VON MILLER, TEXAS A&M
Given the explosion of 3-4 defenses in the NFL and the success of rush linebackers (See: Matthews, Clay), it's no wonder teams covet fast, aggressive outside linebackers who can put pressure on quarterbacks.
Enter Von Miller, the prototypical 3-4 pass rushing specialist.
"It's a great time to be a linebacker," Miller said. "It's a great time to be a linebacker every year. I don't just label myself as an outside 3-4 linebacker. I want to be the best defensive player in this year's draft. That may be in a 3-4, a 4-3, a 5-2, I just want to play football and get on the field."
Miller's 17 sacks in 2009 led the nation. His total dropped to 10 1/2 as a senior partly because of an ankle injury that bothered him all season. Miller is one of the top-ranked defensive players in the draft and a likely top-five pick. Draft experts view him as the next dynamic rush linebacker.
"The kid gets like a motorcycle driver coming around the corner," ESPN draft analyst Mel Kiper Jr. said. "You wonder how some of those guys can stay on the bike on motocross, and this guy is the same way. He comes around that edge and I don't even know how he stays on his feet. He gets this tremendous leverage on those big tackles and they just can't handle him. There's a great motor he plays with, great leverage he plays with, great speed, attitude, approach, all those things."
Miller said he's more than just a pass rusher and is versatile enough to play in a 4-3 scheme. But ...
"My God-given ability is speed off the edge, just rushing," he said. "I can drop back into coverage and do all that other stuff, too, but what God has blessed me with is pass rushing off the edge."
1. JUSTIN HOUSTON, GEORGIA
Houston is a hybrid-type player who could play outside linebacker in a 3-4 or defensive end in a 4-3. He collected 10 sacks and 18 1/2 tackles for loss this past season. He has to prove that he can do more than just rush the passer. Teams must discern whether Houston (6-3, 260 pounds) is better suited playing with his hand on the ground or standing up.
2. AKEEM AYERS, UCLA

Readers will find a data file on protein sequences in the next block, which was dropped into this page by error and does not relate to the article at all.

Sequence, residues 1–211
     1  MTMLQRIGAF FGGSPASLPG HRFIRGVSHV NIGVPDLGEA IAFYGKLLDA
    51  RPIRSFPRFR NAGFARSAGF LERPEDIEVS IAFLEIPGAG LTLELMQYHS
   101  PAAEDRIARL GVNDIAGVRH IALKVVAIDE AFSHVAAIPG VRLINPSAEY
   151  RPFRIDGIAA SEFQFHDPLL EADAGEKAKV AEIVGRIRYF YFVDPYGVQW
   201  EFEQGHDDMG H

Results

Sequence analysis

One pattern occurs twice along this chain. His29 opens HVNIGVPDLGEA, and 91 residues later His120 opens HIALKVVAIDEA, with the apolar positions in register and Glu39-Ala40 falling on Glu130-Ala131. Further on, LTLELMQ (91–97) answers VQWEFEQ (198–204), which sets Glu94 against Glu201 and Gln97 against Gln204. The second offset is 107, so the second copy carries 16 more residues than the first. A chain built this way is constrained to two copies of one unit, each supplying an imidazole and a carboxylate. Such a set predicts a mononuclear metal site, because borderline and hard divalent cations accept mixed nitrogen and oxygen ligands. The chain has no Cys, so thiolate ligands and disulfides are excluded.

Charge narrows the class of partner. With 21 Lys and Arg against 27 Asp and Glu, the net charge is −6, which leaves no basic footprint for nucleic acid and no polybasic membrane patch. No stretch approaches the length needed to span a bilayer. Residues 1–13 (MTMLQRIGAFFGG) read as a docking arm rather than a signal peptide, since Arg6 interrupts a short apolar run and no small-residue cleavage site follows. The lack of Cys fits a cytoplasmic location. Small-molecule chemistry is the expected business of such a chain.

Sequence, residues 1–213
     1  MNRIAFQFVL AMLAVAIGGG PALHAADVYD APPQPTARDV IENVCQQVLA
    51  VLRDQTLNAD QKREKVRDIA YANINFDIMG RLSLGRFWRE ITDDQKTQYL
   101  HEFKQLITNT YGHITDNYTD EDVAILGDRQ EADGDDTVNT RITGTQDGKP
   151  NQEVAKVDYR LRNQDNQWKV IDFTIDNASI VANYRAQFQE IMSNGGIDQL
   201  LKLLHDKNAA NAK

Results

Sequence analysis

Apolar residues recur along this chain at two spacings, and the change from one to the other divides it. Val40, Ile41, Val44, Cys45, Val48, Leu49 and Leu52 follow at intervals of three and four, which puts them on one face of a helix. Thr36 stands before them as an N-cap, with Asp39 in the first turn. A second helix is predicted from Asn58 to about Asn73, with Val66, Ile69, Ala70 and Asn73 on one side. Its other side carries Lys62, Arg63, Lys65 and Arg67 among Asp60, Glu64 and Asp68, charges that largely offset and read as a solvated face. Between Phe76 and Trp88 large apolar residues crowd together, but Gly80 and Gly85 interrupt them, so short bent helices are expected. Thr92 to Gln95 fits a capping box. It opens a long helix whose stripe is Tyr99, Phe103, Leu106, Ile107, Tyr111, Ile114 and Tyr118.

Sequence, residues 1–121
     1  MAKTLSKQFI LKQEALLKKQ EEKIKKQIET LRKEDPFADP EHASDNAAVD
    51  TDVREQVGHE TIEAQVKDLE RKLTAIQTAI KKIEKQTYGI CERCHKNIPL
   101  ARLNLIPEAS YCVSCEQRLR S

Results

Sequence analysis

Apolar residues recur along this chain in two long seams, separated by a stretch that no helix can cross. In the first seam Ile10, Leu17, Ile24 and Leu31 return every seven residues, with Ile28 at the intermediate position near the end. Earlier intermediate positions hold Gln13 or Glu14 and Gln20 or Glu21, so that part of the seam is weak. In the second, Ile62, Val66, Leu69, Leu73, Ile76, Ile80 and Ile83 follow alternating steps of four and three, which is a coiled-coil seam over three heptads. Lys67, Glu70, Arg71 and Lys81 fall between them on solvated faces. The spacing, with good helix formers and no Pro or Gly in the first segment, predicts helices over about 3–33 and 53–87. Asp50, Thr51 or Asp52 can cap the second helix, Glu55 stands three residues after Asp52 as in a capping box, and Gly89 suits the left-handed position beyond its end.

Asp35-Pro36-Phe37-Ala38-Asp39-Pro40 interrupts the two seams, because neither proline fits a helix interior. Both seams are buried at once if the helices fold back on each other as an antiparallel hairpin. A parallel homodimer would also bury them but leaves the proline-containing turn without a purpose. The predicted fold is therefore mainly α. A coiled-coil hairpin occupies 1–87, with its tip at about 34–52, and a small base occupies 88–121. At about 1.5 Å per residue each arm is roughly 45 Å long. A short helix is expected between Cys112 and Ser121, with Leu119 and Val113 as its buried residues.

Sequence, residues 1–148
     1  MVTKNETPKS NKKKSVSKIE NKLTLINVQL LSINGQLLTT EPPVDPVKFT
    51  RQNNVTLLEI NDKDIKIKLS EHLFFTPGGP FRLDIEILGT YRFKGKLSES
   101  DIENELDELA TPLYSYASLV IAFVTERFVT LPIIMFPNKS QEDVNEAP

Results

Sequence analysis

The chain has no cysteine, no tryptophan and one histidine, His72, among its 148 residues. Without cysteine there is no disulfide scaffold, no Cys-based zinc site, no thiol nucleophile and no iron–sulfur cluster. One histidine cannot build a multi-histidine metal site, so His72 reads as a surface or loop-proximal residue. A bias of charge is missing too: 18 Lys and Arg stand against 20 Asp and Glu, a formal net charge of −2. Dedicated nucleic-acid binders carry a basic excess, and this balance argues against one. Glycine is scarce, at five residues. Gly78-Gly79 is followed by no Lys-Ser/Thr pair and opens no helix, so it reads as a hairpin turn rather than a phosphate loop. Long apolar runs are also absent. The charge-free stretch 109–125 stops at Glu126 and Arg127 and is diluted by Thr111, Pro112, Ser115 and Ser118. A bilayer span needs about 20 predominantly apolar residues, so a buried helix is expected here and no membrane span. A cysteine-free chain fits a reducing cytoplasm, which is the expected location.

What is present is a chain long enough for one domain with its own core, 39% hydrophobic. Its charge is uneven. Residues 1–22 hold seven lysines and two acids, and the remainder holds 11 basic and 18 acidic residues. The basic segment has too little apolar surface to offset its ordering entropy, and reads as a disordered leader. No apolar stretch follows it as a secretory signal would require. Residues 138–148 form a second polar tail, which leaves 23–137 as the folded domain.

Ayers is regarded as one of the most athletic linebackers in the draft, and one who is equally comfortable defending the run and pass. He intercepted six passes and had 24 tackles for loss combined in his final two seasons at UCLA. There's no denying that Ayers is an athletic playmaker, but he needs to become more consistent.
3. MARTEZ WILSON, ILLINOIS
Wilson said he often gets compared to Miami Dolphins linebacker Karlos Dansby because they have nearly identical size (6-4, 250 pounds), long arms and versatility. Some teams envision Wilson playing inside linebacker while others see him on the outside. Wilson said he's comfortable in either role. A neck injury caused him to miss nearly the entire 2009 season. Wilson said his neck is no longer a problem, but it's something to consider.
MARK HERZLICH, BOSTON COLLEGE
It's easy to admire and root for Herzlich, who beat cancer and returned to football this past season. The 2008 ACC defensive Player of the Year, Herzlich missed the following season while getting treatment for Ewing's sarcoma, a rare form of bone cancer. "I talked to a lot of people who are going through cancer right now and the biggest problem they have is not having a light at the end of the tunnel, not having a goal," Herzlich said at the combine. "My goal happened to be running out of the tunnel, running with my team. It kind of got me through a lot of things." Herzlich is expected to be a mid-round pick.
This position isn't a high priority for the Vikings. E.J. Henderson and Chad Greenway are entrenched as starters. They likely will have to replace veteran free agent Ben Leber, but they could look in-house to fill the role. They could add a linebacker in later rounds for depth.